Awlaki’s allegations may have been at least partly true. In 2002, when he came under suspicion in Operation Green Quest, an investigation of Muslim nonprofit organizations, the FBI reportedly did try to flip him, using prostitution charges.
According to U.S. News,
FBI agents hoped al-Awlaki might cooperate with the 9/11 probe if they could nab him on similar charges in Virginia. FBI sources say agents observed the imam allegedly taking Washington-area prostitutes into Virginia and contemplated using a federal statute usually reserved for nabbing pimps who transport prostitutes across state lines.
Were the FBI’s recruitment efforts successful? Another Muslim “person of interest,” Ali al-Timimi, tells a strange tale about al-Awlaki’s unnaturally provocative behavior:
When Awlaki came to his home, Timimi said, he started talking about recruiting Western jihadists. “Ali had never, in his whole life, even talked to the guy or met him,” Timimi’s lawyer, Edward MacMahon, told me. “Awlaki just showed up at his house and asked him if he could assist him in finding young men to join the jihad.” MacMahon said that Timimi was suspicious of Awlaki showing up “completely out of the blue” (Jeremy Scahill, Dirty Wars, 71).
Timimi’s attorneys argued that Awlaki was wearing a wire at the time, and asked that the US Government produce the tapes, which would show Timimi’s rejection of Awlaki’s terrorist request. The Government refused, on the grounds that “We are aware of no authority for this request.” Timimi, a promising research scientist, was convicted and sentenced to life in prison.
Another glaring indication that Awlaki had been flipped is the ease with which he was able to return to the US from studies in Yemen in 2002, even though there was an outstanding warrant for his arrest.
On October 9, 2002, the U.S. Attorney’s office in Colorado “abruptly filed a motion to have the warrant for Awlaki’s arrest vacated and dismissed.”
On October 10, Awlaki and his family arrived at JFK airport on a flight from Saudi Arabia. After a brief period of confusion, Customs officials released them and recorded later that the FBI had told them “the warrant had been removed on 10/9.” In fact, documents show the warrant was still active, and was only vacated later that day.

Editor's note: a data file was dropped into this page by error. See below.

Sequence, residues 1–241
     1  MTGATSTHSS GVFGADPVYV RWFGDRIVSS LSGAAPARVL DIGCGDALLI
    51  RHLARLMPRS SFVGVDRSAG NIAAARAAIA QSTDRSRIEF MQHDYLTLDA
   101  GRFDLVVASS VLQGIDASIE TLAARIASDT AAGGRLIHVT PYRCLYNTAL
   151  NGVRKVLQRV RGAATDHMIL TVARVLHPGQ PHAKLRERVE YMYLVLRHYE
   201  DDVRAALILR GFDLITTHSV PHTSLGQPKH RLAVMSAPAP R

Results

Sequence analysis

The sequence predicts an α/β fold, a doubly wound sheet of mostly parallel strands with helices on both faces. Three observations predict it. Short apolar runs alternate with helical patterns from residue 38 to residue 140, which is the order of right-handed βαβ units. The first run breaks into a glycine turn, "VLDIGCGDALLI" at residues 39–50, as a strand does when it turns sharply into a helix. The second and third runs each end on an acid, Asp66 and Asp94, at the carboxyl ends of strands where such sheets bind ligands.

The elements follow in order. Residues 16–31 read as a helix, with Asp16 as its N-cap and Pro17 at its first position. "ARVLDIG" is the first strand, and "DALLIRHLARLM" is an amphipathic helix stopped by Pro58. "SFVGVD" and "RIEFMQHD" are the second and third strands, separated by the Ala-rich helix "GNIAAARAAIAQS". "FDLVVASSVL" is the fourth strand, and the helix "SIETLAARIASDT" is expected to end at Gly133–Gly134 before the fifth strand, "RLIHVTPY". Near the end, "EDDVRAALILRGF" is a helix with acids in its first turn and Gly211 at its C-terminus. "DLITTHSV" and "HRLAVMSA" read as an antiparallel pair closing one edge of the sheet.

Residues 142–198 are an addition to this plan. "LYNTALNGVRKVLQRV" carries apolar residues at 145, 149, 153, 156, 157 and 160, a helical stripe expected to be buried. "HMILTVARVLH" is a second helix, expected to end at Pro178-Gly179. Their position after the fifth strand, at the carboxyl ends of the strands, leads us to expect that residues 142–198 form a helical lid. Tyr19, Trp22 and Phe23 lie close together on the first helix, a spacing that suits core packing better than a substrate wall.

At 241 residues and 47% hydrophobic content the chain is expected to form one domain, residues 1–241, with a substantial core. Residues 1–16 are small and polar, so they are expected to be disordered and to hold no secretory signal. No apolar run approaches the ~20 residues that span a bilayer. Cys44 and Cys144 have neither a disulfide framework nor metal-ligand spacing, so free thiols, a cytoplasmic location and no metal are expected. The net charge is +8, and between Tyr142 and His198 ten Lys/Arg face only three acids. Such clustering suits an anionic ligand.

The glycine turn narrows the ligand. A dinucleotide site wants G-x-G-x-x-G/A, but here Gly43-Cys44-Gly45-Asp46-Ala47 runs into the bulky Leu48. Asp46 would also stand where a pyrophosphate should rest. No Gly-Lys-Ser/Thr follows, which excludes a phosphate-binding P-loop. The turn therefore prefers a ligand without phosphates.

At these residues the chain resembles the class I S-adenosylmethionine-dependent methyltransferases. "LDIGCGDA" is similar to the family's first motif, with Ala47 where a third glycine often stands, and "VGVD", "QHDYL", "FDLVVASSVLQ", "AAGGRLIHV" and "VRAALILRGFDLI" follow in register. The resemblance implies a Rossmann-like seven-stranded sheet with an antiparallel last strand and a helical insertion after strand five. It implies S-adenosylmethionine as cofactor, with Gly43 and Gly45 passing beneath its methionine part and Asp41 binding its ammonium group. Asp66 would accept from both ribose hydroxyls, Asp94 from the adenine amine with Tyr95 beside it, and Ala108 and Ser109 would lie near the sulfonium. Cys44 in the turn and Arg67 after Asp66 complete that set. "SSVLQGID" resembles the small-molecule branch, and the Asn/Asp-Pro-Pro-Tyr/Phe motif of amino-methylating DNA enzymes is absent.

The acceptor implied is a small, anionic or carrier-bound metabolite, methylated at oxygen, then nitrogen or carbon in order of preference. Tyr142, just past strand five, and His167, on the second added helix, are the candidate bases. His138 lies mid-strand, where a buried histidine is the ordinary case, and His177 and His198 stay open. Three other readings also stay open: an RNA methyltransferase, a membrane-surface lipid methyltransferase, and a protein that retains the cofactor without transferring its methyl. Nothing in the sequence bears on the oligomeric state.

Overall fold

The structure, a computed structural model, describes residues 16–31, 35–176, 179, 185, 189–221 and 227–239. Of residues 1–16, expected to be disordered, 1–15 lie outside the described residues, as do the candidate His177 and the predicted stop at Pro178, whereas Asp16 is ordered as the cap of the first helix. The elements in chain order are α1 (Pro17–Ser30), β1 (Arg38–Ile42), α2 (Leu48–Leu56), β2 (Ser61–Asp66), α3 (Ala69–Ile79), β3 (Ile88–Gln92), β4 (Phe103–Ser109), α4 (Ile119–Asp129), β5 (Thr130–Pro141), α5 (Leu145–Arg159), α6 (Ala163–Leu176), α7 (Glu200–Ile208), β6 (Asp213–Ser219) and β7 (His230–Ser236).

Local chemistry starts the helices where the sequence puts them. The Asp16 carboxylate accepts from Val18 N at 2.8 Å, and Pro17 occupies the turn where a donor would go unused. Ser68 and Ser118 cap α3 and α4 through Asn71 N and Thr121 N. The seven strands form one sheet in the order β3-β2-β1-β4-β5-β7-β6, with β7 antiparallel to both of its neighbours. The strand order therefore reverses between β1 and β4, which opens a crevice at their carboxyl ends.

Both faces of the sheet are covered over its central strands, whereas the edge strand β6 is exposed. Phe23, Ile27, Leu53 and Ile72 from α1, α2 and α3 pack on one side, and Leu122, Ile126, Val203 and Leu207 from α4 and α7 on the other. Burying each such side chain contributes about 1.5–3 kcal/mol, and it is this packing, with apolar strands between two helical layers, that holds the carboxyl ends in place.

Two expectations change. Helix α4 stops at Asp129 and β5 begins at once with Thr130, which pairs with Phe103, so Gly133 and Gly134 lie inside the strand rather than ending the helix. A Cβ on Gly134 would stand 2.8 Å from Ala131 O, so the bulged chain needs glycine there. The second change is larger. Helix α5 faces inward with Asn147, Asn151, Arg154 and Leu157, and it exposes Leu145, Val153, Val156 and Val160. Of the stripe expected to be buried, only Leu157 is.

Asked to comment on these anomalies, former FBI agents indicated there were only two likely explanations: either the bureau let the cleric into the country to track him for intelligence, or the bureau wanted to work with him as a friendly contact.
Does a similar analysis apply to the FBI’s curious “relationship” with Tamerlan Tsarnaev?
Despite Tsarnaev’s inflammatory behavior, as reported by the Russians and also in this country, a senior law enforcement official told the New York Times that intelligence agencies never followed up on Tsarnaev once he returned to the U.S., because their investigation “did not turn up anything and it did not have the legal authority to keep tabs on him”
This claim sounds strange in the light of recent revelations about widespread surveillance of telephone and Internet traffic of ordinary Americans and the ease with which law enforcement officials obtain warrants to probe more deeply into the activities of anyone suspected of ties to “terrorists.”
The case of Tamerlan Tsarnaev, like that of Anwar al-Awlaki, leaves many unanswered questions. But one thing seems clear: the FBI’s informant program, especially when dealing with the War on Terror, has proliferated wildly out of control.